- Promote emergency services frequently, including crisis lines, employee benefits, employee support programmes, and neighbourhood resources.
- Give employees and/or management access to (physical or virtual) safe zones where they can express their emotions to someone.
b. Determine and acknowledge social dynamics and workplace elements that may impact mental health.
- Being subjected to harassment, bullying, and stigmatising language increases the risk of suicide at work; be ready to acknowledge and address these facts.
- Be aware that money worries, the possibility of losing your work, or other sources of stress, fear, or uncertainty might lead to suicidal thoughts.
c. When a suicide loss occurs, act quickly.
- Communicate with kindness and concern.
- Preserve the deceased’s and their loved ones’ privacy.
- Provide access to pertinent information, resources, and support for the impacted personnel.
What you can do!
You could be experiencing such extreme upset, rage, and pain that you think it will never pass. But it’s crucial to remember that they can’t and won’t endure. These emotions will pass, just like all others.
You can immediately act to prevent yourself from acting on suicidal ideas. Since every person is unique, you must determine what suits you the best.
Following are some useful pointers that other individuals have used successfully when feeling suicidal.
a. Secure yourself immediately:
Take the following five minutes:
Things can be made tolerable by taking each moment as it comes. Every time five minutes have elapsed, treat yourself.
Get rid of anything that could be used against you.
Take anything out of your surroundings that you could use to hurt yourself or have someone else take it out for you. Move to a safer area if you find yourself in a dangerous area.
Follow your emergency or safety plan.
Follow any safety or crisis plans you may have in place. For Example: getting in a safe space, being with someone, or calling someone.
b. Get distracted
Practice coping methods other than self-harm.
You may want to consider adopting self-harm coping mechanisms if you’re considering injuring yourself.
For instance, you could concentrate on how cold it feels when an ice cube melts while holding it in your palm. Take a really cold shower or bath and rip anything into hundreds of pieces.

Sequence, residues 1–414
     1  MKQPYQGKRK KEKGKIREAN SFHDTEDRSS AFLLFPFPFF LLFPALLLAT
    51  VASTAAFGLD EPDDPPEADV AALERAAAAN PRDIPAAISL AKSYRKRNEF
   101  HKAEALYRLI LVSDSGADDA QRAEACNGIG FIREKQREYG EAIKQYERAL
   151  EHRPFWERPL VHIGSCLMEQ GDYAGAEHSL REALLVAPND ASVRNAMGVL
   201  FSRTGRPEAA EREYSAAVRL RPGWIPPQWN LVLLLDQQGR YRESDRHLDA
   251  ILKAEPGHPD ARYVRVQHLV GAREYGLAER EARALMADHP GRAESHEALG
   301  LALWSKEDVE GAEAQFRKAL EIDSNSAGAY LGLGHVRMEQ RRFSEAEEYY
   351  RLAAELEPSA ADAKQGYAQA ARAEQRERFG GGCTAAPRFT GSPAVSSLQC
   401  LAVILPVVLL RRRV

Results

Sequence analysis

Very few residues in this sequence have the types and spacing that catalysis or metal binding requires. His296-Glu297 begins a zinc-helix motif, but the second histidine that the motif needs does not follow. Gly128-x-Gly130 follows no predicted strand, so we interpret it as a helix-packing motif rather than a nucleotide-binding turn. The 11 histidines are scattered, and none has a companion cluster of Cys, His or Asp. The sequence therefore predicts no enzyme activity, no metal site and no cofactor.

Observe deep, lengthy breaths. You may feel more at ease if you exhale more slowly than you inhale.
Take care of your necessities.
Try the following, if you can:
- Obtain a drink of water.
- Eat something if you’re hungry and jot down your feelings while relaxing in a comfortable place.
- Avoid drinking alcohol or using recreational drugs because they can exacerbate your symptoms.
c. Contact the Helpline
- Decide with yourself that you won’t take any action today.
If you are not currently receiving support, make a plan to do so. Information about various methods of getting help can be found on our page on treatment and support.
- Find the good in life.
You can think there’s no sense in existence or that the world would be better off without you, but this is never the case. You might try these things:
- What are you looking forward to? This may be enjoying your favourite dish, visiting with a loved one, or watching an upcoming TV episode. List it in writing.
- Make plans for something you enjoy accomplishing tomorrow or soon. Plans don’t have to be extensive or costly.
- Consider the individuals you cherish. No matter how miserable you may be feeling, keep in mind that these individuals will miss you.
d. Remind yourself that you can overcome this.
- Sometimes we can focus on the unfavourable things we tell ourselves and become discouraged.
- You can regain hope and concentrate on getting through it by telling yourself again that you can overcome these emotions.
Sameer was advised on the above aspects to work on himself and am email was also sent to the employer to create awareness and build sensitivity around the topic.
Therefore work stress and job tensions can be avoided if the employers and employees begin implementing mental health techniques in their workplace. If you as an employee are taking the occupational stress home even after work hours, you need to pay more attention to your mental health.